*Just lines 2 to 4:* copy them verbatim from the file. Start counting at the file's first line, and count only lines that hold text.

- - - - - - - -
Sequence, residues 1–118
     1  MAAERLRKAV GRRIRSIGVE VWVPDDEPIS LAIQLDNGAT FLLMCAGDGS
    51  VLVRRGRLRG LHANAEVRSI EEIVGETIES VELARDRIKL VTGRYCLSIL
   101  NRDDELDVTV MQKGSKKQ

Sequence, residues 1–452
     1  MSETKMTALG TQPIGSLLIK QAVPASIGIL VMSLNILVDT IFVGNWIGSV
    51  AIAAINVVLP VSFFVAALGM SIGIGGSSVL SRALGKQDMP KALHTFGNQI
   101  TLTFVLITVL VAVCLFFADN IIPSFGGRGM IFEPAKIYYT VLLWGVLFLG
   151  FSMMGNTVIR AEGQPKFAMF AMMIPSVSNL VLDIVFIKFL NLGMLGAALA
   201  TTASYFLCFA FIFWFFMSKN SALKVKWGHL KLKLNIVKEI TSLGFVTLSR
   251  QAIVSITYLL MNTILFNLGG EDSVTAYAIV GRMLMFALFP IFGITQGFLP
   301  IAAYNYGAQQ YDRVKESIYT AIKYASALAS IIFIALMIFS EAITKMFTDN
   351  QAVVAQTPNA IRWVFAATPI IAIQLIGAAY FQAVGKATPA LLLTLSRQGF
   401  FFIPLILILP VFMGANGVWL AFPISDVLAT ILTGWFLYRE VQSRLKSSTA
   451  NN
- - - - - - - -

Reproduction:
     1  MAAERLRKAV GRRIRSIGVE VWVPDDEPIS LAIQLDNGAT FLLMCAGDGS
    51  VLVRRGRLRG LHANAEVRSI EEIVGETIES VELARDRIKL VTGRYCLSIL
   101  NRDDELDVTV MQKGSKKQ